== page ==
Gina Rinehart’s Roy Hill iron ore project has awarded $3 billion worth of contracts for the development of the mine as the company moves closer to securing the $7 billion needed for its future.
Gina Rinehart’s $10 billion Roy Hill iron ore development is undertaking one of the largest debt-raisings ever attempted in the mining sector, seeking $4 billion in funding from export credit agencies and an additional $3 billion from commercial banks.
The Roy Hill project includes a new 55 million tonne per annum iron ore mine, 344 kilometres of railway and a new port at Port Hedland.
Roy Hill said it is pushing to complete financing before the year is out, with production scheduled to commence in September 2015.
Yesterday, the biggest contract yet was announced, with Downer EDI winning a 4 year contract for mining services worth $500 million, which some see as a clear sign the project is set to receive the go ahead.
Other contracts handed out include a $620 million rail earthworks contract to NRW, $830 million to Forge Group for construction and processing works and $70 million to Brookfield Multiplex to develop non-processing infrastructure.
The latest deal comes just days after reports that the US government owned Export-Import Bank gave preliminary approval for $US694m ($737m) in financing for the project,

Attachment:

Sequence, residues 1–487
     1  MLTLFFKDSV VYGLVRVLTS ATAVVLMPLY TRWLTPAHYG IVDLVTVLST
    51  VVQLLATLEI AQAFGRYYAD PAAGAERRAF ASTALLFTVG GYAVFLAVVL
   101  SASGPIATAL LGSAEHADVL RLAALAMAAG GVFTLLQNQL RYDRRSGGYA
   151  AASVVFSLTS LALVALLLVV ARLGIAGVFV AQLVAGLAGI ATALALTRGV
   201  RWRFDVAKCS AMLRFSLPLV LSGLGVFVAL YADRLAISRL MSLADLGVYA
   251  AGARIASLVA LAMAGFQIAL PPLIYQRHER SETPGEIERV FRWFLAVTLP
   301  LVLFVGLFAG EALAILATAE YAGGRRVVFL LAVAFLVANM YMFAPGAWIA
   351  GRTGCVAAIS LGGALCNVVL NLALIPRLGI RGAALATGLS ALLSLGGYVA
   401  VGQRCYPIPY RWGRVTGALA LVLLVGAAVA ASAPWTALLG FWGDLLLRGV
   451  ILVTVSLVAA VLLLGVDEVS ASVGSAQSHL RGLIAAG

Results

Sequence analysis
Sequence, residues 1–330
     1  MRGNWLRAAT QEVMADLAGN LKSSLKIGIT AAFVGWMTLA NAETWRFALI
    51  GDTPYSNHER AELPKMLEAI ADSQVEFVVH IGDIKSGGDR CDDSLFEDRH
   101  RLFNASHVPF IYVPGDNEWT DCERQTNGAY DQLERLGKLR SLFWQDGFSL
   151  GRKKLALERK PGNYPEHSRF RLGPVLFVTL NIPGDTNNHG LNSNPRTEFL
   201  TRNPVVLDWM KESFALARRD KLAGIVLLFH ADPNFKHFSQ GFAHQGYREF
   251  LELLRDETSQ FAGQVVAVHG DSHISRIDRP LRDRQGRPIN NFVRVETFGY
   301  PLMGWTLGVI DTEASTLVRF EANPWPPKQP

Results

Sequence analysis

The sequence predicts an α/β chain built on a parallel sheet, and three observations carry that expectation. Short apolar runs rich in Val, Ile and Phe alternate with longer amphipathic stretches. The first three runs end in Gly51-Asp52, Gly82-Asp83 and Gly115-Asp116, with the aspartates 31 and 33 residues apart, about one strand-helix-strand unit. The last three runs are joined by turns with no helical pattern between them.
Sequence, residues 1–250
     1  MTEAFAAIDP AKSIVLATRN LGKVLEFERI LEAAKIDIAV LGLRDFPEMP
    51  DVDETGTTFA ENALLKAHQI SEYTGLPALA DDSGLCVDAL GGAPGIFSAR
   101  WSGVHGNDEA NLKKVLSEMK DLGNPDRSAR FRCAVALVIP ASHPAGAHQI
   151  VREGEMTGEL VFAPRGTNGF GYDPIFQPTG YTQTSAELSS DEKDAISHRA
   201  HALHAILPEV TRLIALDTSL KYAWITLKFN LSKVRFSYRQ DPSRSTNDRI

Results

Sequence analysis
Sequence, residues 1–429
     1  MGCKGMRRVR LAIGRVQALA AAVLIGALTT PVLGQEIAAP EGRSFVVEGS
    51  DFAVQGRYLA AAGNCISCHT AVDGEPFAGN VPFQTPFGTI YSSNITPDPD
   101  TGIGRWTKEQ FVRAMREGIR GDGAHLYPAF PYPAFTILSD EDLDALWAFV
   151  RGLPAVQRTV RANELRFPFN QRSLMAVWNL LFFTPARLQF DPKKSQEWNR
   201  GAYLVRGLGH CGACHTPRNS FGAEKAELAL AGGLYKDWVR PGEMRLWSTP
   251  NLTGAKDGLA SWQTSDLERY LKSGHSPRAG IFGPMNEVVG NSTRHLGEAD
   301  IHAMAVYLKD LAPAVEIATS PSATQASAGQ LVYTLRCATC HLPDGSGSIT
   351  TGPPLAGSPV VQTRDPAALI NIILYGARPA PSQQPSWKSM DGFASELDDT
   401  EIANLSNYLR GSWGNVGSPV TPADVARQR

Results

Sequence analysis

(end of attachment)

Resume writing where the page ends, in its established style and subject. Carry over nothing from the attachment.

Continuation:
The Australian reports that the bank’s loan will support the purchase of equipment from US companies.
Roy Hill has also sought support from the big four Australian banks and foreign investors.
Roy Hill Holdings is 70 per cent-owned by Rinehart's Hancock Prospecting. Selling off 30 per cent of the project last year, the remainder is now owned by South Korea's Posco, Japan's Marubeni and Taiwan's China Steel Corporation.
Construction of the Pilbara-based project is continuing, despite chatter around delays, with some analysts predicting full production will not commence until 2017.
"Roy Hill's project development has not been delayed, we remain fully on track," a company spokesman said last week.
With cash costs of about $US37 per tonne, JPMorgan said it expects Roy Hill will sit in the middle of the cost curve for iron ore projects.
The analyst said Roy Hill has the potential to add 7 per cent to Australian iron ore supply.